The Washington Monument of Higher Education for Deaf Students

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130 years ago, on October 9, 1888—the Washington Monument finally built after 40 years of battles. It was also a battle for Deaf people during that time from 1848-1888.

Imagine in 1848, Deaf people would have struggle with learning enhancements in higher education and hungry for Deaf education, and it was a battle for sure. National Deaf-Mute College (now Gallaudet University) did not built until 1864. Between 1848 and 1865, the politics were heavy invested, standing up for America’s values while dealing with Civil War must have been mind-boggling on Deaf non-students and Deaf students.

The Washington Monument was built in honor of first American president; it was also world’s tallest stone structure and tallest obelisk, it stands 555 feet high. Imagine Deaf students from Columbia Institution for the Instruction of the Deaf and Dumb went down there and took the courage to walk all the way to the top and see the view of Washington, D.C. including the sighting of world’s first college for Deaf students. What were their thoughts when they grabbed the opportunity to see the beacon of higher education?

At the same time, think about pain and struggles what Deaf people had gone through. One year before the Washington Monument was opened to the public, Alexander Graham Bell founded Volta Bureau, the center to teach Deaf to erase their identity by controlling their lives for profits. Eight years before the Monument, Oralism spread the fires and banned sign languages around the world, and what would it look like when it happened during the days of Columbia Institution for the Instruction of the Deaf and Dumb in 1880.

Picture this. The Oralism Monument: 555 feet high—the dominance of Deaf people’s lives. College Hall: The elevation is 75 feet. 75 feet x 7.4=555 feet.

It would take 7.4 ‘College Halls’ to overcome the power and influence over Deaf people to make Alexander Graham Bell happy. During that time, president of the college, Edward Miner Gallaudet stood fiercely strong against Alexander Graham Bell’s push for Oralism.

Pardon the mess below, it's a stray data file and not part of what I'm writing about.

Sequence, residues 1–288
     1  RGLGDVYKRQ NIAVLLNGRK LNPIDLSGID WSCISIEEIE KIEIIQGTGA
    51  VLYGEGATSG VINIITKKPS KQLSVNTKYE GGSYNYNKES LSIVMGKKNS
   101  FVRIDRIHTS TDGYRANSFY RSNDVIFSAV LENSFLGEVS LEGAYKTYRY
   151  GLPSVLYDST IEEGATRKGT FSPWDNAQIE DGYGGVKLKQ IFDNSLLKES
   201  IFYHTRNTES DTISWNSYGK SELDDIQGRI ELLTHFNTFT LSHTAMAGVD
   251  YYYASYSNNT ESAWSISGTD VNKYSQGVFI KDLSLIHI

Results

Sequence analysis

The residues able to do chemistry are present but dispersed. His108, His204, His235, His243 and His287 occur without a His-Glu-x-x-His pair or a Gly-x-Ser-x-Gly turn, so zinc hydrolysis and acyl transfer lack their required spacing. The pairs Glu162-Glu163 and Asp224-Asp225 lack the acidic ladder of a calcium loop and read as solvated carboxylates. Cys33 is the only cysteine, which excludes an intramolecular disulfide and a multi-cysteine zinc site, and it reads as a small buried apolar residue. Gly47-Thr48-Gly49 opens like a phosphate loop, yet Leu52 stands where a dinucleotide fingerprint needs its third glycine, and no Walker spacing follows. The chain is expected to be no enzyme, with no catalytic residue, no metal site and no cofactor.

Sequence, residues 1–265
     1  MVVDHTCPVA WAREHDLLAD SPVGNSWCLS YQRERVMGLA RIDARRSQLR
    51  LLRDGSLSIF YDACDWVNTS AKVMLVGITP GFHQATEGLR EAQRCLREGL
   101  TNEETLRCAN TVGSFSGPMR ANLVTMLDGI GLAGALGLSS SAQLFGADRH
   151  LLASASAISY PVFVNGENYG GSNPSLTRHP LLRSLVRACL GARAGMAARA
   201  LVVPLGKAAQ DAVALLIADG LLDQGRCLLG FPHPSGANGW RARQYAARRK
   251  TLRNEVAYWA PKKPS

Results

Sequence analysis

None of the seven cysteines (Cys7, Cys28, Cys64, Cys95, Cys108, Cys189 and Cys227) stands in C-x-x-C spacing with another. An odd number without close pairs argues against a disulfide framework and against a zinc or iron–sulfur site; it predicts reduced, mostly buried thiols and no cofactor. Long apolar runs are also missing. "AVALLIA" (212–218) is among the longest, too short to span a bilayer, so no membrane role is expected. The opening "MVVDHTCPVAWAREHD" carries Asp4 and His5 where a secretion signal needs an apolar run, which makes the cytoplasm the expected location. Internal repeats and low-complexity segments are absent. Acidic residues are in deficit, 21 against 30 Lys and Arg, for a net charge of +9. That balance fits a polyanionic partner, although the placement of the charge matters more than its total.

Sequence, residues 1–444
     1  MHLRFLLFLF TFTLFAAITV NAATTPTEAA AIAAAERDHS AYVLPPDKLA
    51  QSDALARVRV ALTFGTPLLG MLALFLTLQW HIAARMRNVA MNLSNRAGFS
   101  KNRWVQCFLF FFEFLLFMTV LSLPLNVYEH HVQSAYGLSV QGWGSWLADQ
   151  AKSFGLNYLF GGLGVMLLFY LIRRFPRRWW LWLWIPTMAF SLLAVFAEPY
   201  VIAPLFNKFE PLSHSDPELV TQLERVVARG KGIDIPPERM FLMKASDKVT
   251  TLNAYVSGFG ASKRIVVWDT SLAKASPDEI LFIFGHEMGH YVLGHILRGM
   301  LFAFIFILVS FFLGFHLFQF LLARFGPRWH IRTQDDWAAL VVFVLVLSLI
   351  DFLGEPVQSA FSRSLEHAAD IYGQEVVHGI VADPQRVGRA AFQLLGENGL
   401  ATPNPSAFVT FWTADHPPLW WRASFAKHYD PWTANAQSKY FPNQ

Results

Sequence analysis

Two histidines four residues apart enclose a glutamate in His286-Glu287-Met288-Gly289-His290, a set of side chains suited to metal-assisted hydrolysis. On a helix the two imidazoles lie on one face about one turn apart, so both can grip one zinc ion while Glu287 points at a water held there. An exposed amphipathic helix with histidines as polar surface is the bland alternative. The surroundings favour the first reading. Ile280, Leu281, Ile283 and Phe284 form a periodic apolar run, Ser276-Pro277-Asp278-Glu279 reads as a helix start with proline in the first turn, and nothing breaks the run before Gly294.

The Edward Miner Gallaudet Residence, which now as House One where Gallaudet University presidents live there, imagine what EMG was sitting there on a chair thinking how to make now Gallaudet University an ASL-centered more than ever. The biggest question, did EMG ever visit the Washington Monument and grabbed the view at the top of 555 feet and understood the higher education and protect ASL for Deaf students today and tomorrow? Which place would be first thing for EMG to look for on the top of world’s tallest building? Or was Washington, DC filled with trees that cannot see the view of now Gallaudet University?

It must have been high road for Deaf students to walk all the way to the top of Washington Monument to defy odds and show the world that Deaf people can do anything. It was all about unleashing the hidden power of language bigotry and hegemony.

One more thing, the reason behind Washington Monument came together in our neighborhoods, universities, workplaces, and communities to keep the dreams open for Deaf students of understanding, personal interactions that will make them better educators and share their life experiences to build higher education and human connections in any shape.

The tallest university obelisk goes to Laurent Clerc who inspired Deaf America today and tomorrow. Can it ever be funded?

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-JT

Copyright © 2018 Jason Tozier

This text may be freely copied in its entirely only, including this copyright message.

 

 

 

 

 

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